I am the “I” in IEP.

I am the I in IEP.
I am the mom who knows the most about my son.
Who wants more than anyone else at that meeting table to see you succeed, to see you grow, to see you be and feel accepted, to see you have all the support you need without accidentally giving you too much that that in itself disables you.
I am the one who has sat through countless therapy visits, hour after hour.
I am the one who has learned strategy after strategy to get you to the state of progress you have made.
I am the one who has stood in the face of adversity, from the moment you were born, on your behalf.
I am the mom who has kept records, scheduled and attended the meetings, taken notes, researched for days, upon years.
I am the I in IEP, who knows a great deal about what is at stake.
But we sit at the table and you say to me,
I am the I in IEP.
I am the school.
My hands are tied.
I do care about your child.
The funding isn’t great for our special needs kids who don’t quite need extreme amounts of help.
I will tweak the services he would benefit from to just a little less than what would satisfactorily do.
I will present the accommodations, but there likely won’t be enough staff to assist with them.
I will sometimes care enough to try harder, but ultimately, I am a limiting in the IEP.
I am the I in the IEP
I am the advocate who will stand beside you.
I will fight for you.
I will negotiate for you.
I won’t let you do this alone.
I will call out the specifics that are being missed.
Just one catch. I don’t come for free.
Mom, you’ve got to pay me.
So who is the I that matters most?
I am the I in IEP.
I am the child.
I want to feel safe.
I want to feel loved.
I need your support.
I need acceptance.
I need you to see me.
I need you to see me with your heart as well as with your mind.
I need you to see me as a student but also as a person.
I need you to be sensitive to the communication styles and methods that teach me best.
I need you to see when I am overwhelmed.
I need you to encourage me.
I need you to show me that my areas of need can be stepping stones for success and growth for both me and you.
So you see, with all these “I”s in the IEP, no one is really getting too far.
Why does it feel like I am against you, and you are against me?
What if the school and the parent can turn the I into WE?
We are the partners who will not stop until we have a good plan.
We will be adaptable, consistent and loyal.
Then, we can be the team that will figure this out.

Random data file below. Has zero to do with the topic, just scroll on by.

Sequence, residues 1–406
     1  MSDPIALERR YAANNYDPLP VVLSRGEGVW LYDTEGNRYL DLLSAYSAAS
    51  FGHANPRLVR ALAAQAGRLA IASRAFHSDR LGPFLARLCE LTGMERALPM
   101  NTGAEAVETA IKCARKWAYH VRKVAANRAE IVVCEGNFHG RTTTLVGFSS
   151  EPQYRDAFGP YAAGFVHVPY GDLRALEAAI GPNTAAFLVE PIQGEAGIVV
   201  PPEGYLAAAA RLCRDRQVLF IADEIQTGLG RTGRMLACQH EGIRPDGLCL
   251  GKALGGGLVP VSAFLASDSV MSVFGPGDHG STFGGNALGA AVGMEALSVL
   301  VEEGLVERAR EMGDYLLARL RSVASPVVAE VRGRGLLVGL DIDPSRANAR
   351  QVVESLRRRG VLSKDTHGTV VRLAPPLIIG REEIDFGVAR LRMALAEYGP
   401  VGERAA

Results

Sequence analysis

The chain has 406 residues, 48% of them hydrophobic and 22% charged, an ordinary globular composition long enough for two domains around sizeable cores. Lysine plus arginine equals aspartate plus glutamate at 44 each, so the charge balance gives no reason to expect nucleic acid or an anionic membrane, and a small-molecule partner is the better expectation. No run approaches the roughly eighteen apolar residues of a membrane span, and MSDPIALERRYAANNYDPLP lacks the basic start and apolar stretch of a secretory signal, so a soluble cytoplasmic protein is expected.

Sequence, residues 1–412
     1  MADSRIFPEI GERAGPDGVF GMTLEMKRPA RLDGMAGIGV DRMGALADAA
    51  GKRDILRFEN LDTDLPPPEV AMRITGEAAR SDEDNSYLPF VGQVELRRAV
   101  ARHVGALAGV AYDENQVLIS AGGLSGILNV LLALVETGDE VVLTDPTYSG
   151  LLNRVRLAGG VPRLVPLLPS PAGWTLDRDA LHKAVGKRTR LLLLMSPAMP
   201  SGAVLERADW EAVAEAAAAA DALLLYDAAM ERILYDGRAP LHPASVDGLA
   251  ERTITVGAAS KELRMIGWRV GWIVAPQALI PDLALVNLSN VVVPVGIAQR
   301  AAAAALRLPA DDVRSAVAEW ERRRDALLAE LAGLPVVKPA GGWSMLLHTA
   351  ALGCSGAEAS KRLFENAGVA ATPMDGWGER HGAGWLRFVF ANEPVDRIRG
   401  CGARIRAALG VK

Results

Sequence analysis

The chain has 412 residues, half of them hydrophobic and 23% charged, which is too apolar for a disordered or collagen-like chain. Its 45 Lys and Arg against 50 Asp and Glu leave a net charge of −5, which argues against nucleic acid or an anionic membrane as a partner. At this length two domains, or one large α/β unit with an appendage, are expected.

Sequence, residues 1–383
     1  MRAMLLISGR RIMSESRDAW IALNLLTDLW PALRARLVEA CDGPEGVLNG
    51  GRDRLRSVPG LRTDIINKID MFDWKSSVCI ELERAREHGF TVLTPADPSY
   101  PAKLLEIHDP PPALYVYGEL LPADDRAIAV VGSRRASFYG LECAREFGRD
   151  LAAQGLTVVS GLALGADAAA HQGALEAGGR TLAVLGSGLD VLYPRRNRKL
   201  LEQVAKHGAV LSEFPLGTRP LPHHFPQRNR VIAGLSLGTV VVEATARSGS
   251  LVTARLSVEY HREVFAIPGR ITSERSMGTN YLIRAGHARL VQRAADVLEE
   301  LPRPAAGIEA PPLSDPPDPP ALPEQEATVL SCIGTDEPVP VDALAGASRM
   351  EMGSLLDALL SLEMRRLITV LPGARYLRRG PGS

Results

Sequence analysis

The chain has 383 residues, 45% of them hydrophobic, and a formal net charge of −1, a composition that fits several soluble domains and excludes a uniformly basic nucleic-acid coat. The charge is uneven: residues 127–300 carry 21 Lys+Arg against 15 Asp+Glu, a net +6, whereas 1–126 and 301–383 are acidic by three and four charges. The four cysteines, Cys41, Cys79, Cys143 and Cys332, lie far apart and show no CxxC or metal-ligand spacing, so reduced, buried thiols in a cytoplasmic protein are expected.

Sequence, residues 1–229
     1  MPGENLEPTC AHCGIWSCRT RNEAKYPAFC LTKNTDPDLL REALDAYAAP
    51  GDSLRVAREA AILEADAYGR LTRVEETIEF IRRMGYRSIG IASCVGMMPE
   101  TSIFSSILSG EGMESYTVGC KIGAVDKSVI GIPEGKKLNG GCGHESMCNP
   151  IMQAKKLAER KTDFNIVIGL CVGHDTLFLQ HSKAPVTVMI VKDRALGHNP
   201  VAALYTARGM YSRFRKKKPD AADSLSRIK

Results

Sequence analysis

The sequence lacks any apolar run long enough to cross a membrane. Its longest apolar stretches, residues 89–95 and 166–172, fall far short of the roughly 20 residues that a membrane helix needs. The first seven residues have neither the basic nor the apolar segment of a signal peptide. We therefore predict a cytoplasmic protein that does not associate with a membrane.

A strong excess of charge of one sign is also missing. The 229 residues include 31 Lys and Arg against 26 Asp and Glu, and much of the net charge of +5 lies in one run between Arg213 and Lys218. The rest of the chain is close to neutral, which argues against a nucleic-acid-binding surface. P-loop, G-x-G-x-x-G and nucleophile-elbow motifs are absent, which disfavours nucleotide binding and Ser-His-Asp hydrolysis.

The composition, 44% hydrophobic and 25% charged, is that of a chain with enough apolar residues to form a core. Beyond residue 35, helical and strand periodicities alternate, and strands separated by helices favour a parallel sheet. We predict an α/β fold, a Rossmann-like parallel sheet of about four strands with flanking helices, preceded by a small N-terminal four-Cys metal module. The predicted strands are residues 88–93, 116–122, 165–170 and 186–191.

And ultimately, only then, the real I in the IEP, my child, wins.

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Easy was Never in the Plans for Us.

Easy was never in the plans for us.

Whether or not I wanted it.

 

I don’t think you ever think life is “easy.”

until you know what not easy is.

 

Relative.

 

The way things seem easy or not,

is always relative to how they were at best,

or when they were better.

 

The better times weren’t easy times either.

But they can seem “easy” relatively.

 

Easy was never in the plans for us.

 

But…

 

Persistence, that was.

Patience, that was.

Learning to climb mountains, that was.

Falling, and getting up again, that was.

Coming face to face with anger, pain, and bitterness, that was.

Grief, that sure was.

 

But thank God.

 

Because, the most important part of our story is this.

That redemption is, always was, and always will be, the best part of our story.

Not because of anything we can do, but because of Him.

Advocacy (the beginning).

Advocacy

Parents, hear me.

Advocate for your child.

Attend the IEP meetings.

Communicate with your child’s teachers and administration.

Do not assume they are doing what is best for your child.

Find out.

Speak up, when you feel something is wrong.

Your words are important.

Your feelings are valid.

Your concerns are real.

Hopefully, your child can do this for them self, one day.

But until then, and even then, advocate for your child.

It won’t be easy.

It won’t always get immediate results.

Do it anyway.

Be heard.

Don’t be someone who settles for less than what can be.

Advocate for your child.

In all circumstances.

Don’t let your voice be silenced.

It will echo through the classrooms years from now.

Advocate for your child.

 

Definition:

ad·vo·cate

noun

/ˈadvəkət/

a person who publicly supports or recommends a particular cause or policy.

synonyms: champion, upholder, supporter, backer, promoter, protector, patron.

 

*I am still sorting out my emotions over several events over the last few days.

More to come soon…

When Your Shoes are Bigger Than Mine. I Will Love you Still.

Right now your shoes are pretty tiny. I mean, you are giant for your age, and so they aren’t quite so tiny, like a newborn. But, they are tiny compared to mine. Right now, everything about you is small, because you are five. This means things like your giggles are heartwarming, and your smile is delicious, your laughter is contagious, and your hugs are the best. It also means, when things are hard, I can calm you down. I can pick you up. I can sit you in my lap. I can help you up when you fall.

You fit in my embrace like a mother and child were always meant to fit together.

But, time has a way of continuing on. When we want it to, and when we don’t. One day, your tiny feet are going to be bigger than mine. Our set up of shoes in the front of the house will one day have mine as the smallest, even smaller than both of my little boys’.

I know this happens to everyone, you see. But, when you have a child with special needs, it really makes you think. Will you be able to live on your own one day? Will you be able to have a job? Will you be able to start a family of your own one day? Will you be able to take care of yourself? Will you have sincere friends?

Sometimes I think to myself, God knew I’d always want a special someone to love me, and for me to love and take care of. I have wanted children since before I could even multiply by double digits in school. I think to myself, maybe God gave me this precious gift of having to care for my child longer than most. Or, maybe my child will surpass every one of my concerns, and be totally independent.